Some of Ernie Eves's top cabinetministers partied last week with Kyoto-bashers the Canadian Coalition for Responsible Environmental Solutions, a lobby group with close ties to both Ralph Klein and the energy industry.And through a combo of stealth and strategy, I managed to crash the soiree.
It took place in the Queen's Park dining hall and was a very chummy shrimp-and-wine gathering, a chance for members of the coalition -- the Canadian Association of Oil Well Drilling Contractors, the Canadian Association of Petroleum Landmen, the Canadian Association of Petroleum Producers, etc -- to schmooze Tory heavies.
There were speeches by coalition organizers, and a particularly passionate Ontario energy minister, John Baird, made his anti-Kyoto rallying cry. Needless to say, the audience was very receptive. Baird's parliamentary assistant, Scarborough MPP Steve Gilchrist, who at one time helped block developers' plans for the Oak Ridges Moraine, was busy propping open doors with chairs to give relief to a very hot and stuffy room.
I couldn't help remarking to him that perhaps the room was so unbearably hot because of climate change. He was not amused.
While Eves has been slightly slippery on just where he stands on Kyoto, it was interesting to learn that this meeting was organized by Guy Giorno, Mike Harris's old chief of staff and ultimate Tory party insider. Giorno now works with National Public Relations (NPR), the coalition's high-priced lobby firm.
Two days after the meeting, Giorno sent every MPP at Queen's Park an e-mail suggesting what they might say in op-ed news pieces or letters to their constituents about Kyoto.
Then Liberal and NDP members, for whom the missive was obviously not intended, were sent a second e-mail that read, "Unfortunately, materials from the Canadian Coalition for Responsible Environmental Solutions were sent to your office in error in a previous e-mail. I do apologize for any inconvenience."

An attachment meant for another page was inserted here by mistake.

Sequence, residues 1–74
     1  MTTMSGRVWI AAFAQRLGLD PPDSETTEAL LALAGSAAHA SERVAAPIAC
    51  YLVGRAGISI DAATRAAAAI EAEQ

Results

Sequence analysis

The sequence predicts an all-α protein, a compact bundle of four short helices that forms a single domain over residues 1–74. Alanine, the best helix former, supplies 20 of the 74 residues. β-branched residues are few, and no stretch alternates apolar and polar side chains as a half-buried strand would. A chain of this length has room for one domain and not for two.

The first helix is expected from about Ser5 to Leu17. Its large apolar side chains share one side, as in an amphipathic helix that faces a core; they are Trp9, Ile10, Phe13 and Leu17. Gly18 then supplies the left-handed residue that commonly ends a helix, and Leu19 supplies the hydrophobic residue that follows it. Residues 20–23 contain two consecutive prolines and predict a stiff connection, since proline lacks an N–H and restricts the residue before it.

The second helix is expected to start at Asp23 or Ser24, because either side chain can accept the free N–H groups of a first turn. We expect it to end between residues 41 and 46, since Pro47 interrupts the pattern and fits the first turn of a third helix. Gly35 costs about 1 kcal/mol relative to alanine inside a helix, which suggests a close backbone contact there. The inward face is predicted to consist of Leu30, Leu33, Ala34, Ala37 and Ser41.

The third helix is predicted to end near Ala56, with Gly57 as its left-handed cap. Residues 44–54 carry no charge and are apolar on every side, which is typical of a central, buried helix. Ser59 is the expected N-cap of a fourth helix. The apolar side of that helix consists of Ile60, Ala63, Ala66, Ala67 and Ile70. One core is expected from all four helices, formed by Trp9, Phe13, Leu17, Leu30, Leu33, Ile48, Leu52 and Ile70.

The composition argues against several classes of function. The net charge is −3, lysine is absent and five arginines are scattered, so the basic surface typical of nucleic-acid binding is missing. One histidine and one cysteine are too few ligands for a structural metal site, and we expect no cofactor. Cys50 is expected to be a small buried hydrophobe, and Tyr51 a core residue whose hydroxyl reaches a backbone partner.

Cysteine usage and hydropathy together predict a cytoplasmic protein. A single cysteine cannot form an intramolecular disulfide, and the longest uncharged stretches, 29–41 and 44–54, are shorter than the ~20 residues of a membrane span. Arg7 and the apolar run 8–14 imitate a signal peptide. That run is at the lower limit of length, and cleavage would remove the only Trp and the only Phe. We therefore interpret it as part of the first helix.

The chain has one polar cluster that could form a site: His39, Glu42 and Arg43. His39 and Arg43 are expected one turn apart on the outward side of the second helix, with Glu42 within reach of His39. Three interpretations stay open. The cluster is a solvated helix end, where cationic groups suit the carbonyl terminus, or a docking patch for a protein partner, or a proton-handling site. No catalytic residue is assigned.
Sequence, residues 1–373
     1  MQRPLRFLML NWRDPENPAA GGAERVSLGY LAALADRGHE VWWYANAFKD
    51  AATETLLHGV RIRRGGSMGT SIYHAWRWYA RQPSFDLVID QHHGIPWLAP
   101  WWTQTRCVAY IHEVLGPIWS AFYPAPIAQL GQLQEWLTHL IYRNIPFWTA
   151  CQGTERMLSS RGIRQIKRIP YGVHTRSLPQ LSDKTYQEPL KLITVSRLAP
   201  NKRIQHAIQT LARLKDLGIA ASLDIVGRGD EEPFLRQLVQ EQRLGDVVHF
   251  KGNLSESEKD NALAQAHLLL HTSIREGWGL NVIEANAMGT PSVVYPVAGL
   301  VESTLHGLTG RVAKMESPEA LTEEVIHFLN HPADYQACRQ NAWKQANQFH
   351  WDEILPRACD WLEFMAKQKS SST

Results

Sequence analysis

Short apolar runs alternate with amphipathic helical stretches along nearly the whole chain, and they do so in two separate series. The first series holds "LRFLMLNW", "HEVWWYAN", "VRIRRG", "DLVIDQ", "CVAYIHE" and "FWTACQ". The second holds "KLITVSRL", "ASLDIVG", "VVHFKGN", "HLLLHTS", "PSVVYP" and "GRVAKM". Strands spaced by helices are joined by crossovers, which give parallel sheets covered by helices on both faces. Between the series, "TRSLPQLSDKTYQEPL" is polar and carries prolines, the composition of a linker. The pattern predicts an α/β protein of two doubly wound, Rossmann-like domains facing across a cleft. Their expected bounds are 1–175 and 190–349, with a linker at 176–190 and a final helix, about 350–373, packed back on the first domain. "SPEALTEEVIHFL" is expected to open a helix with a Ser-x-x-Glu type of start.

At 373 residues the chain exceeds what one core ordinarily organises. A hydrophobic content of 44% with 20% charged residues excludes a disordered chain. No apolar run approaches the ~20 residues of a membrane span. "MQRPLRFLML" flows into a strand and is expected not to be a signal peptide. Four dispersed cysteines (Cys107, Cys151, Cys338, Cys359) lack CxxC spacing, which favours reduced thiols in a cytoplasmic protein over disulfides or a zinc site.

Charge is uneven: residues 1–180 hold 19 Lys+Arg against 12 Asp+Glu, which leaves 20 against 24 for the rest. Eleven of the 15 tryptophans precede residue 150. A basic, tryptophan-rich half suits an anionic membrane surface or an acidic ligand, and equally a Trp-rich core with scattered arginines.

So now we have Mike Harris's former number-one man trying to dictate environmental policy to our government members. It might make you wonder if the Eves government is really any different from Harris's where the environment is concerned. It certainly doesn't seem to be.
Then there's Klein's relationship with the coalition, which is kind of like that of an organized crime boss and his "legitimate business activities."
They'll deny any connection to each other, one operating above-ground while the other does its work in the shadows.
NPR's Karen Bodirsky denies there is any relationship. "There is no connection," she says.
But log onto Klein's Web site and information on the coalition is item number one on his home page.
Klein's anti-Kyoto message should not be warmly received here. Ontario, in fact, will have the more to gain than any other province from ratifying the accord, according to studies done by both the province and the feds. This is particularly true if this government fulfills its promise to close Ontario's coal-fired electricity generating plants and switch to renewable energy sources like solar, wind power and small-scale hydro.
But instead, it seems environmental policy here is being decided at shrimp parties by Tory cronies whom the people of Ontario did not elect. Josh Matlow is a climate campaigner for Greenpeace.